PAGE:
I’ve been waiting for this.
I wrote a post on my own blog a while back when Bioware was considering transitioning Star Wars: The Old Republic to a free-to-play (F2P) model and how it was an inevitability. Subscription-based MMOs are no longer a long-term business model.
In my mind, there are basically two models that have risen from the ashes of the old: (1) Free-to-play at launch; and (2) Early adopter subscription-driven with a transition to free-to-play. Both are supported by getting some users to pay for additional content or features. Some, like Guild Wars, offer expansions for additional cost, while many others offer microtransactions for additional content, character slots, short-term bonuses, etc.
SWTOR falls into that second category. For the better part of a year, SWTOR has cashed in on hardcore MMO and Star Wars fans that felt compelled to play the game when it first launched. Once that surge of income began to dry up, the move to F2P was on. As many other MMOs have proven over the past few years (D&D Online, DC Universe Online, Lord of the Rings Online), the F2P model can be very successful if implemented properly.
When I was working for CBR, I had a few conversations with the DC Universe Online devs prior to that game launching, and it was clear to me they knew the game would eventually go free-to-play. At the time, I didn’t understand why they would even try a subscription-based model in the first place, but it makes perfect sense when you think about it. In the short-term, there is a lot of money to be made from the early adopters. In fact, publishers can almost use that subscription-based period as another beta test while they ready their F2P model. They can see the game in action, and figure out where microtransactions would best fit in based on how people play the game, how long average sessions last, etc.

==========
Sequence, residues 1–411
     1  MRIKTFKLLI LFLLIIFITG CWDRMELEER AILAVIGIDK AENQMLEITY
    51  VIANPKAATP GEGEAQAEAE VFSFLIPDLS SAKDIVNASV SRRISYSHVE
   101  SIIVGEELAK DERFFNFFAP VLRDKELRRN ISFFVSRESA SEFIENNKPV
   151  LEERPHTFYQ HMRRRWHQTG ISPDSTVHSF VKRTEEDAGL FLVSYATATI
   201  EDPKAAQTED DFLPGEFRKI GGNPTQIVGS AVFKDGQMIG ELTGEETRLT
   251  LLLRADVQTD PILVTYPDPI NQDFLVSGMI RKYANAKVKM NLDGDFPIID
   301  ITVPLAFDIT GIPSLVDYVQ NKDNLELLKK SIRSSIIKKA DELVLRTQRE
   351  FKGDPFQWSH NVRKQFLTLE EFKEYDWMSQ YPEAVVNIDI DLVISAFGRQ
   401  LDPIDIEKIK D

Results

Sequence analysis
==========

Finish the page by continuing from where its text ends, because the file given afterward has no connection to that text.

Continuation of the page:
I firmly believe that this was the plan for SWTOR all along. The only thing that Bioware and EA didn’t foresee is that they would need to make the switch to F2P this quickly. The game launched in December of last year, and I bet they figured they’d get two years out of the subscription-based model before needing to switch over. In comparison, both DDO (2006) and LOTRO (2007) lasted about 3.5 years apiece before switching, while DC Universe Online (2011) and SWTOR (2011) lasted less than one year. What that tells me is that even early adopters are balking at the idea of a subscription-based model, and F2P will soon become the primary model for all MMOs moving forward (some might argue it has already).
So given that the switch to F2P has come a little early for the folks behind SWTOR, it will be interesting to see how their version of a free-to-play model is implemented. Already, there seem to be some odd choices in terms of restrictions (F2P players not being able to equip rarer weapons and items, limited number of PvP events per week), but at least it looks like all classes and experience levels will be accessible from the get go.
I will be diving into Star Wars: The Old Republic when it goes F2P, and in the Force Test series of posts, I’ll be writing about my experience with the game and my thoughts on how the F2P model has been implemented.